The Story of an Ex-Good Girl: Part One


HA Note: The following is reprinted with permission from Exgoodgirl’s blog The Travels and Travails of an Ex-Good Girl. It was originally published on August 2, 2014 and has been slightly modified for HA.

 Part One: The Day I Turned Bad

My earliest childhood memories are all good. Playing “cave spelunking” in our basement with my dad and siblings, the big climbing tree in our backyard, playing Indians with shell-face-paint at the beach with my cousins, going fishing with my dad, capturing fishflies and keeping them as pets: a collection of small childhood pleasures like those most of us have stored away in memory somewhere. I liked my early childhood. It was good. I liked my family. My life was safe and happy, and I don’t take those two things lightly!  By some odd quirk of personality, I was one of those kids that lived to please.  I was not only happy to do my own chores but other people’s as well, and I used to get scolded for using up whole boxes of Kleenex to wrap miscellaneous small things to give as gifts to all and sundry (no laughing, Kleenex is the imaginative child’s wrapping paper!)  My mom would call me “her little sunshine”, and I think in many ways I was my parent’s golden child. My older sister, R, was a free spirit, quite mischievous, with just enormous quantities of energy that she had to expend every waking moment!  She was in constant motion for at least 8 straight years.  With such an energetic first child, having a second-born who was quiet and lived-to-please must have seemed like a godsend to my parents! My little brother B, who arrived two years after I did, took after my older sister.  So that made it two to one and probably wore my parents out good and proper, while making my halo glow even brighter by comparison!

I was probably about 6 when I came to the dawning revelation that my eagerness to please and do things for everyone was leaving me with quite the unequal work load.

I would make my own twin bed in the morning…then my sister’s…then my brother’s…then my parent’s big double-bed, which was quite a feat for a small 6-year-old!  I was also a budding perfectionist, so sometimes I just re-did everyone else’s work after they did it, just so it could be done better, to my own strict and exacting standards.  In retrospect I sound rather obnoxious, even to myself!  In any case, I noticed that I was the one always getting asked to help with everything, while my sister and brother got out of work by virtue of complaining.  My good nature was being taken advantage of!  This unpleasant discovery rankled in my small soul.  I decided it was unfair, and from now on, I was just going to do my own work and no-one else’s.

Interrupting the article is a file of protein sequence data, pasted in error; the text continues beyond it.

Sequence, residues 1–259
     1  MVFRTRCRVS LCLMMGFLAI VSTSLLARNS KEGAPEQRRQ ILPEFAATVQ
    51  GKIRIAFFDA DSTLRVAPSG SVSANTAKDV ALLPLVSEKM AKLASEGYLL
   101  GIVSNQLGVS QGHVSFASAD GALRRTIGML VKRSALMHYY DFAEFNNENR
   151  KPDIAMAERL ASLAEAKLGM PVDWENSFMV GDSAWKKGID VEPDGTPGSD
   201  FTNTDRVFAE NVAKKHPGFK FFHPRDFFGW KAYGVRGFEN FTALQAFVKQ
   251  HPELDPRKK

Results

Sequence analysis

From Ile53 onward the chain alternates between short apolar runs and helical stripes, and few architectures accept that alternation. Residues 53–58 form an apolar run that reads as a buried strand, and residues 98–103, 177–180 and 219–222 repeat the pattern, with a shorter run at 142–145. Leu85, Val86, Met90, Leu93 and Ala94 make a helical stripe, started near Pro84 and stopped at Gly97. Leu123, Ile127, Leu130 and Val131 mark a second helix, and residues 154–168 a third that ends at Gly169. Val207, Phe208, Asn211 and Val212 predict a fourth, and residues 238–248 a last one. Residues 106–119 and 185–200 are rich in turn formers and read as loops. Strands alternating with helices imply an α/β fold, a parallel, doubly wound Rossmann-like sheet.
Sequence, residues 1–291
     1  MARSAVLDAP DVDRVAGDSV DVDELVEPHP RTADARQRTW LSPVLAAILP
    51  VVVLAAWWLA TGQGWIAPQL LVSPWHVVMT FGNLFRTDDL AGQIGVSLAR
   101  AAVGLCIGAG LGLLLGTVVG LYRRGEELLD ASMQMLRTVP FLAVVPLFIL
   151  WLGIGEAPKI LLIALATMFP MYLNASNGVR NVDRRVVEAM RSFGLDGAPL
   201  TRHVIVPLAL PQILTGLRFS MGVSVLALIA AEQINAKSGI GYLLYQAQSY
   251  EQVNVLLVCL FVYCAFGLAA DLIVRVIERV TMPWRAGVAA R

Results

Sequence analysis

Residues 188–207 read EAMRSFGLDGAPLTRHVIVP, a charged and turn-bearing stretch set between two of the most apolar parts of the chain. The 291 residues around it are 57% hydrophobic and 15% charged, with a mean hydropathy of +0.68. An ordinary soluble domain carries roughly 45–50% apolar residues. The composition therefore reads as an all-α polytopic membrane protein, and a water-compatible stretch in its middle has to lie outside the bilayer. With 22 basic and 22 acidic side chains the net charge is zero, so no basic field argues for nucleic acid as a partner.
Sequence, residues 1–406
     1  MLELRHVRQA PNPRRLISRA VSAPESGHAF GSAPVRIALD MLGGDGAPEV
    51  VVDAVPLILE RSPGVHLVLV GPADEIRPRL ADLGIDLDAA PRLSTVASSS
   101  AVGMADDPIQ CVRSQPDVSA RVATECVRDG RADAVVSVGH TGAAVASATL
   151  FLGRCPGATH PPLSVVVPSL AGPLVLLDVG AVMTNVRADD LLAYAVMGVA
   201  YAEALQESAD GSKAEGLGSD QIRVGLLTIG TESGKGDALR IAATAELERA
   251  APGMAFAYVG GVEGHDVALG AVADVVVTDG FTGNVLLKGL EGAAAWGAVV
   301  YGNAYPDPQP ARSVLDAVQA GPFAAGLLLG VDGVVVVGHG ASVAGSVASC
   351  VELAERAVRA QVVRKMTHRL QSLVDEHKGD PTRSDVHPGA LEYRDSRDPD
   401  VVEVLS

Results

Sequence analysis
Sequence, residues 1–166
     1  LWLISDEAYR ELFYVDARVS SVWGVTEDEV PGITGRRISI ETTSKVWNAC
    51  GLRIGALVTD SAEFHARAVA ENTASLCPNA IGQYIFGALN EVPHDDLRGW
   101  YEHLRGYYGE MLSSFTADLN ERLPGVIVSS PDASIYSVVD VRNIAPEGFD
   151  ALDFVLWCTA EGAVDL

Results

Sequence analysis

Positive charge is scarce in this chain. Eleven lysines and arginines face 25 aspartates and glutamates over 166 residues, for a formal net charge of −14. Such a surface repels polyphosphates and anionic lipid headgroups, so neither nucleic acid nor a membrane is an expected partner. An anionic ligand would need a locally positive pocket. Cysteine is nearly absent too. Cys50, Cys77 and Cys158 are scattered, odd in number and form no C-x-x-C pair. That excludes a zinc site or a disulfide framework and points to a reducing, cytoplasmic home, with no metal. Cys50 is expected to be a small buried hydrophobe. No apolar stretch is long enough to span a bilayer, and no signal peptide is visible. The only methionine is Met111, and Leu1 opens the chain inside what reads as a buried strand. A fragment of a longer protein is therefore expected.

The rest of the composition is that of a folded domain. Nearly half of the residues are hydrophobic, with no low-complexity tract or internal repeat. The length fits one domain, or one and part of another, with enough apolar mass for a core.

I always looked at this decision as the moment when I started to “go bad”.  I don’t know if I remember the exact moment or not, but it was kept fresh in my memory, because my mom was always asking me about it, for years and years afterwards. “Do you remember the day you decided to stop being sweet and helpful?” she’d ask, sighing a little.  “You used to be such a sweet little girl.”

She would heave another sigh, and then ask, “Do you remember why you decided to stop being sweet and good? Did Satan talk to you, and put that idea in your head?  That was when you turned into a selfish girl.

I think this was just my mom’s way of complaining for the good ol’ days when she had at least ONE easy child to deal with. But at the time it instilled all sorts of guilt in me and left me wondering if I had, indeed, made a pact with Satan that day, because certainly I didn’t act as nice afterwards.  This actually became a major point of doubting my own salvation for me, because I had “said the sinner’s prayer” at the ripe old age of 3, and wasn’t I supposed to keep getting better and better after I was saved? But here I was, turning selfish and bad at the age of 6, when I should instead have been comfortably far down the road of righteousness!  These doubts and guilt plagued me for years; I’m sorry to say.  I always think one should explain salvation a little better, even to young children, so they don’t fall into these sorts of theological pitfalls. Over-simplistic theology definitely never helped me as a child, and I bet I’m not the only one.  Anyway, after I “turned bad” at the age of 6, I went on still enjoying my life despite being the selfish little sinner that I now knew I was.  Then, when I was about 7, we met Joe and Mary LaQuiere.